Ohhhhh, as a linguist, I love these debates … let’s change this word for another word that over time will only become the next derogatory term. The article gets there in the end. Change the word all you want, it doesn’t change the attitude.
Last week I received an encouraging email from an expert in the field of …. I’m going to call it inclusion. That covers just about everything from diversity to second language learning to samenleven to whatever you like. He said my ideas and questions had merit. He said it was long-haul and difficult work. He also said he preferred not to use “anderstaligen”. He did not provide me with an alternative, though having recently attended a talk of his, I guess it’d be something along the lines of “meertaligen”. The problem with that in Flanders is that nearly everyone is technically meertalig (which makes the Flemish somewhat annoying from a language learner’s perspective).
So this article discusses the use of “disability” and “disabled” and not people coming into one land from another.
Disabled. Handicapped. Challenged. Differently abled. Special. Special needs.
Allochtoon. Anderstaligen. Meertaligen. Buitenlander. Vreemdeling. Foreigner. Immigrant. Migrant.
The problem in both situations and so many other situations is the labeling. Trying to fit people, all of whom are unique and special and challenged and disabled and more capable in one way than another and from one place or another place and believe this or that or the other thing and speak one language or 5 etc… What I’m trying to say is that perhaps we should just call people what they are – PEOPLE. HUMANS. BEINGS.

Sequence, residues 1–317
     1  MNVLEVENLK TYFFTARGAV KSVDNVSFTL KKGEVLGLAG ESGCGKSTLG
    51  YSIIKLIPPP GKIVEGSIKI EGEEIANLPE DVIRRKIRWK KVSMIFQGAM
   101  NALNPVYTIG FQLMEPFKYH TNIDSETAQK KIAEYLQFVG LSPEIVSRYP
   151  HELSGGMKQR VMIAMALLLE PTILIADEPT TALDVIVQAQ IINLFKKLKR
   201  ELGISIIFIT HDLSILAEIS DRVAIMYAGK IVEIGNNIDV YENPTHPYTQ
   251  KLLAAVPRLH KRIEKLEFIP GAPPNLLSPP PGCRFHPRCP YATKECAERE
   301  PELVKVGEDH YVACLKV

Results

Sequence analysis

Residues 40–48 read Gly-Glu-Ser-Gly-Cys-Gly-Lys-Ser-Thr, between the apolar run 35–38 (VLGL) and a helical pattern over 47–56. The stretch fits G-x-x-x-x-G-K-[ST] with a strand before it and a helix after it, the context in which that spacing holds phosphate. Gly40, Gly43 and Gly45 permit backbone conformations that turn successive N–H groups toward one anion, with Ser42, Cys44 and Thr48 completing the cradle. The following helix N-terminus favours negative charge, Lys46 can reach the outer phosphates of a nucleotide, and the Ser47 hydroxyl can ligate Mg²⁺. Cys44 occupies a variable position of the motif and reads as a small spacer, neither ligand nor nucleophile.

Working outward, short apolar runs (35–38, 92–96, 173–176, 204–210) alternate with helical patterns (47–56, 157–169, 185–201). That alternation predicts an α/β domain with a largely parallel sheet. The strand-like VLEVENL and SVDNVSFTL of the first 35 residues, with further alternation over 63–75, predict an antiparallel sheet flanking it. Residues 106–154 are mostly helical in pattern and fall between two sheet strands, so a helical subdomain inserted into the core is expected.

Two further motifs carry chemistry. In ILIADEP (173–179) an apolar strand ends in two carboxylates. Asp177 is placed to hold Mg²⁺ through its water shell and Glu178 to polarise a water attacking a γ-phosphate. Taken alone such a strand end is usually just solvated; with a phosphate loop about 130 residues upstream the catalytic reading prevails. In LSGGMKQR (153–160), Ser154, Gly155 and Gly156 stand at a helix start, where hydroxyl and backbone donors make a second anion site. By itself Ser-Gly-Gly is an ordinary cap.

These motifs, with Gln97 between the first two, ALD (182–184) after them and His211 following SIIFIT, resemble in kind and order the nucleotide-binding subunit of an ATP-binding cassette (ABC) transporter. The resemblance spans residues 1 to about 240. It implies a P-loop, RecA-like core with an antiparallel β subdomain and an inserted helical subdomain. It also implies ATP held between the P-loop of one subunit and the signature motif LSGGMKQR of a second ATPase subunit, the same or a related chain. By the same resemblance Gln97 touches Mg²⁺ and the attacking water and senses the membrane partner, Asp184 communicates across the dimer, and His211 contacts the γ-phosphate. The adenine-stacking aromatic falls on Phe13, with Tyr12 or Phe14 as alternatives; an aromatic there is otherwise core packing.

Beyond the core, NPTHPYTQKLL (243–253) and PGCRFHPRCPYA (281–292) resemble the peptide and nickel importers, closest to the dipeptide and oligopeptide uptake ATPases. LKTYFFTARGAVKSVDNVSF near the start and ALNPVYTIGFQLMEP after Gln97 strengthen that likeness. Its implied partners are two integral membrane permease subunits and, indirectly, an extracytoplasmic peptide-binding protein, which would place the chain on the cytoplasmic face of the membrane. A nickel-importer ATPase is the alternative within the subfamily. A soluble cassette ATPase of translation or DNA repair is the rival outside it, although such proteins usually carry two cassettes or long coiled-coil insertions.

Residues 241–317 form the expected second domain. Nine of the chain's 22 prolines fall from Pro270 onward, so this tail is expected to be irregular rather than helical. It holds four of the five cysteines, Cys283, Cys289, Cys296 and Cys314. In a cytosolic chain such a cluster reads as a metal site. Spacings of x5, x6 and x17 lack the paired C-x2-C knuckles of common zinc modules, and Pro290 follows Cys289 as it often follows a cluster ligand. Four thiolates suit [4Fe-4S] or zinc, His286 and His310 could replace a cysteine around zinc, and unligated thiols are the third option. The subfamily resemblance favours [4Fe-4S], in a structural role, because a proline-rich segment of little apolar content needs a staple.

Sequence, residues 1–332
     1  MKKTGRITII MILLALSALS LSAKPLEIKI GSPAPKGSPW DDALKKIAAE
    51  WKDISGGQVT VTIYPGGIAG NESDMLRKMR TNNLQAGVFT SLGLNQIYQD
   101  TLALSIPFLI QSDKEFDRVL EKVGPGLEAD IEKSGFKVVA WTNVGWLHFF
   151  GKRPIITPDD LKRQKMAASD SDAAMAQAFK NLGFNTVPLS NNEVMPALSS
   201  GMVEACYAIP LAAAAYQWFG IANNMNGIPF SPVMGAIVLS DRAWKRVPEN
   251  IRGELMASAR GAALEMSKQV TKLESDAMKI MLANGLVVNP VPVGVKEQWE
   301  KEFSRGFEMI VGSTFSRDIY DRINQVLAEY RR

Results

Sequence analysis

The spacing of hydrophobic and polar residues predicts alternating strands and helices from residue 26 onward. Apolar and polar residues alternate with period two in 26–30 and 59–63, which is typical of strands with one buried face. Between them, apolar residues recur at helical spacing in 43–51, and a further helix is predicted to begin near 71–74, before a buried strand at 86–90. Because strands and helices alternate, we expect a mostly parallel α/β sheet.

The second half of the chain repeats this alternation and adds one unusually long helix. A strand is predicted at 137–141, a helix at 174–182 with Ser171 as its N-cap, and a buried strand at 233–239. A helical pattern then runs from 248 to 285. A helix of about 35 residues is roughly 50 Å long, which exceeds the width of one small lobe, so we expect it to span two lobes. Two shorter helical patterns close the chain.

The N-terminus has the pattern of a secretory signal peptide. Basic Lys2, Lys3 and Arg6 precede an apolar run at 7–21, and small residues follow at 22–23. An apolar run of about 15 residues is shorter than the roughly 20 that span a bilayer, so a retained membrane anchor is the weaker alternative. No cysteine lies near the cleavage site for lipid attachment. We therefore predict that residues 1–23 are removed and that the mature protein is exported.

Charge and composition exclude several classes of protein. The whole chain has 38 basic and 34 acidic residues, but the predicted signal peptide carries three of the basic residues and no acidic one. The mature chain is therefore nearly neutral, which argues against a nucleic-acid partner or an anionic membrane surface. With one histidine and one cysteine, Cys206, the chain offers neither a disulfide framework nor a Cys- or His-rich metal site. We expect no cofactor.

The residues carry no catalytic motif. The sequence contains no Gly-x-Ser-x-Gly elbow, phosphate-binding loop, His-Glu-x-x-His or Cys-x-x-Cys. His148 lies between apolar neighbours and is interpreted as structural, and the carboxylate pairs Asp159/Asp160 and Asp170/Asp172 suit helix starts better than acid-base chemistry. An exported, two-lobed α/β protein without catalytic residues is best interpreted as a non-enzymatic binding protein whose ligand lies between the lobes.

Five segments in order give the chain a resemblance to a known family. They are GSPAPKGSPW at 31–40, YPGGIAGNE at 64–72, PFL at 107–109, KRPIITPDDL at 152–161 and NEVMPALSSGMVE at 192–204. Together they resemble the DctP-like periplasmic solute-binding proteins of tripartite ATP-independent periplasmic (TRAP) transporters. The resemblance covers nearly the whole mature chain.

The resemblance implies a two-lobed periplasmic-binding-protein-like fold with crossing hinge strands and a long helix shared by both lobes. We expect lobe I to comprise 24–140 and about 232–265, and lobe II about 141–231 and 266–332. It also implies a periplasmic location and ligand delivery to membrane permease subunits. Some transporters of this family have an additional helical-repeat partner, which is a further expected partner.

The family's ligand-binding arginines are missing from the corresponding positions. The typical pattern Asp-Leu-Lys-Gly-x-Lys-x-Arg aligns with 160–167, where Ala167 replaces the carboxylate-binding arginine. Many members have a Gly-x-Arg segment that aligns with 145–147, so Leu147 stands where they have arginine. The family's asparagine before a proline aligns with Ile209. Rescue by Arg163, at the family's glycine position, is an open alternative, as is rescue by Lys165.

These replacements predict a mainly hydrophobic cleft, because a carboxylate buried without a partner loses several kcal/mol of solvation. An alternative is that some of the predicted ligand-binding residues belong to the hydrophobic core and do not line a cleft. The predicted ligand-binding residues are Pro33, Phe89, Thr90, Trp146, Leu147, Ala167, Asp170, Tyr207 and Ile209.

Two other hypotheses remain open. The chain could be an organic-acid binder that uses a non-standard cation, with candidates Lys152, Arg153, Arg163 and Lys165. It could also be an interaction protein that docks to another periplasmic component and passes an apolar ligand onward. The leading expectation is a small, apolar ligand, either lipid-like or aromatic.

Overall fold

On a side note, it always strikes me as rather strange how official agencies get themselves so tied up with names and titles and logos and the words while the people they’re concerning themselves with are getting on with just getting on. By the way, very few people coming into Belgium and learning Nederlands have even the foggiest idea about what allochtoon means or that anderstaligen may or may not carry negative connotation. Seriously, connotation??? Unless it is specifically pointed out, connotation of a word is but whispering from the sidelines of our learning.